Budget & Brexit boost for buy-to-let market
A number of factors are expected to make the buy-to-let market more attractive for investors in the coming months.
Next week's Budget is expected to relieve some of the tax restrictions, such as the 75pc limit on mortgage interest tax allowance. Furthermore, if Ireland succeeds in attracting some Brexit exiles from London, this may push rents even higher.
Experts differ, however, as to the extent of investor activity in the Dublin market, with some saying that more are leaving the market than are buying.
Others, such as John McCartney of Savills, point to how Dublin apartment prices are rising more strongly, up 6.4pc in the 12 months to July, compared to 3.8pc for house prices in Dublin. He attributes this to cash buyers, who are reckoned to account for half of all residential purchases and many of these are investors.
Underlining this trend, the latest Daft survey shows strong increases in prices for one-bedroom Dublin flats, a favourite among investors. For instance, in Dublin 1, which also includes upmarket units in the IFSC and Spencer Dock, one-bed prices soared 17.7pc over the 12 months to September to an average of €180,000.
Similar units in neighbouring Dublin 3, which includes upmarket Clontarf, jumped 9.7pc to €216,000. Dublin 4 is the most expensive with a 4.8pc jump to €295,000. With rents in D4 as much as €1,610 per month, such flats are generating gross yields of almost 6.6pc, which makes D4 one-beds more attractive than those in neighbouring D6, where they average around 6pc.
McCartney says that investors can achieve net yields greater than 4.4pc in most areas of Dublin.
"That's three to five times what you can get from bank deposits," he adds.
There are also signs that investors may be churning or selling one investment in order to buy another with greater profit potential.
The latest Sherry FitzGerald house price report shows that 32pc of the agent's vendors in the first nine months of this year were selling investment properties, while investors accounted for 20pc of all purchasers.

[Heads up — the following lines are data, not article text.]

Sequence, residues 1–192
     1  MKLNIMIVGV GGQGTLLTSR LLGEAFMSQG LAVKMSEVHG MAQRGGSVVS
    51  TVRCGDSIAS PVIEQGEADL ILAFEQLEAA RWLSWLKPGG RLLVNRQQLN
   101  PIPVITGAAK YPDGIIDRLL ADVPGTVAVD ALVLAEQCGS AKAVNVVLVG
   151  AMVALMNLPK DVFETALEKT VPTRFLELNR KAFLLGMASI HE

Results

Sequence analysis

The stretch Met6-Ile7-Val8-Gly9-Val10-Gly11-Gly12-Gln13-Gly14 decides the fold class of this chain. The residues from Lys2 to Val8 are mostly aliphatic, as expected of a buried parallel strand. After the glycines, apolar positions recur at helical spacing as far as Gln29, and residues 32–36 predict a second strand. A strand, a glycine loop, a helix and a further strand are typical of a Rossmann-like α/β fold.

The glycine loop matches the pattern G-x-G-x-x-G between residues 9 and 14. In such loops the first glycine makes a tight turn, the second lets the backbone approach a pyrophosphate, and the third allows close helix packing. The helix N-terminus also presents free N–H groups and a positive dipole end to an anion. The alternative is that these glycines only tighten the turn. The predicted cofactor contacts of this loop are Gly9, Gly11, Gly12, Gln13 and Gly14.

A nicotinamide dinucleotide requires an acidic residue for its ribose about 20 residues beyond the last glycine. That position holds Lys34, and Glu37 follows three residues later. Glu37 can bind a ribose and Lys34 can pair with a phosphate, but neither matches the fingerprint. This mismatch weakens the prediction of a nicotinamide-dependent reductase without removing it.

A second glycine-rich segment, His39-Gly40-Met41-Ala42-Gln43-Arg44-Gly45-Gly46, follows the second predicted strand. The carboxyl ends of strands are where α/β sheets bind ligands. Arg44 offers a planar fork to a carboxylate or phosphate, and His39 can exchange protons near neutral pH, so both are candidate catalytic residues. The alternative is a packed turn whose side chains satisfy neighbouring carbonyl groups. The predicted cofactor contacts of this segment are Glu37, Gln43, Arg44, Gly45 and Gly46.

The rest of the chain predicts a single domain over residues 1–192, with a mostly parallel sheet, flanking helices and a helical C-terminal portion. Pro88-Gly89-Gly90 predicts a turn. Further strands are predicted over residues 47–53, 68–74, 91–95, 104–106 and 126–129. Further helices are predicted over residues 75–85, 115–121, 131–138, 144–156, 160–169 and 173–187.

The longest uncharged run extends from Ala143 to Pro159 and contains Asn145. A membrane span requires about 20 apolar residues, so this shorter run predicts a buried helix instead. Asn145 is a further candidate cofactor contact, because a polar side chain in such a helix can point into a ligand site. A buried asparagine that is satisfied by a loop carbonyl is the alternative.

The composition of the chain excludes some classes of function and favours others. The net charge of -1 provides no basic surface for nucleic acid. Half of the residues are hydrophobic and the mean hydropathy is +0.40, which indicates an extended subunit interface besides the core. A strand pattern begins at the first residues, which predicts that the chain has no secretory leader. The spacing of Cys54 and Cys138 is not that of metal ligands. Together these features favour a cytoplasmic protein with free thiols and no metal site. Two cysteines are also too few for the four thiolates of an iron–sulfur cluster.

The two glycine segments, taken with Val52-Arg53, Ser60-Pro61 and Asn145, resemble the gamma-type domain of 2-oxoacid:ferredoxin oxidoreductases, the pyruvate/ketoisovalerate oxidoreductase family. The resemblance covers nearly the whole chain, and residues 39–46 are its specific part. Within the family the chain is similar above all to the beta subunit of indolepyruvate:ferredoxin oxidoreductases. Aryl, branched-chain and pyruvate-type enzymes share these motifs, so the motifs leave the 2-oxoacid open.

These figures support those who are concerned that the numbers of investors selling are nearly double those who are buying. They believe that this exodus is exacerbating both the shortage of rental accommodation and the upward pressure on rents.
Such an exodus is explained by research from accountants PKF O'Connor, Leddy & Holmes, which says residential landlords are much worse off than those investing in, for example, farm land, where rental income is tax free depending on age and 100pc of the interest is allowable.
It cites the example of a buy-to-let investor who buys a €250,000 apartment with a mortgage of €170,000 over 25 years at 5pc annual interest. Such an investor would make mortgage payments of €11,925 a year in principal and interest. Charging rents of €1,400 per month, he would generate a gross annual income of €16,800 a year.
Other expenses, including repairs, maintenance insurance, tenancy registration, agent fees and accountant fees would amount to €5,320, but they would be allowable against tax. In addition, property tax of €300 per year would not be allowable against income tax, which is effectively a form of double taxation.
"When all the figures are calculated, the landlord needs to inject a further €3,431 to keep the project running in year one. Over 25 years this landlord has expended a total of €117,906, plus the original €85,000 (of his own equity), bringing the total to €202,906," says McCartney.
If he were to sell the property at the same €250,000 price after 25 years the gross profit would be €47,094.
In a market where prices are down by between 30pc to 60pc on levels they were at 10 years ago, the boom-time investor suffers a loss rather than a profit. So it's not surprising that in markets where prices have achieved most of their likely recovery, investors should get out as they see little to gain by staying in.
The problem is that if the landlord wishes to get the highest price from a sale, he will want to offer a vacant flat to the market and will need to end the tenancy. However, this would mean that the property lies vacant for months while waiting for the sale to be processed and such vacancies are exacerbating the housing shortage.
Pat Davitt, chief executive, of the Institute of Professional Auctioneers & Valuers who commissioned the accountant's research has called on the Government provide to introduce a range of measures including equality of treatment between investors in residential and commercial property and between landlords and vulture funds.
He has also called for Capital Gains Tax (CGT) relief for investors who sell on tenanted property, as well as income tax incentives for landlords who offer long-term leases to tenants.
Another of his proposals, allowing full interest payments against income tax, is expected to receive a response in next week's Budget.
However, mortgage interest is not an issue for many current investors as they are cash buyers and some are even willing to buy tenanted properties.
McCartney believes that many of those exiting the market are boom-time investors who were highly mortgaged and motivated by the prospect of profits from rising prices.
"Current investors are motivated more by rental yields," he adds.
According to Daft.ie, Dublin rents rose 11.1pc during the 12 months to July, bringing them to a record which is 5.2pc higher than their previous peak in early 2008. The provincial cities are playing catch-up. Cork city saw rents soar by 18pc; Galway rents were 13.9pc higher than a year previously, while Limerick rose 15.5pc.
Consequently gross yields on a two-bed home averages 8.4pc across the country, while one-beds average 9.2pc.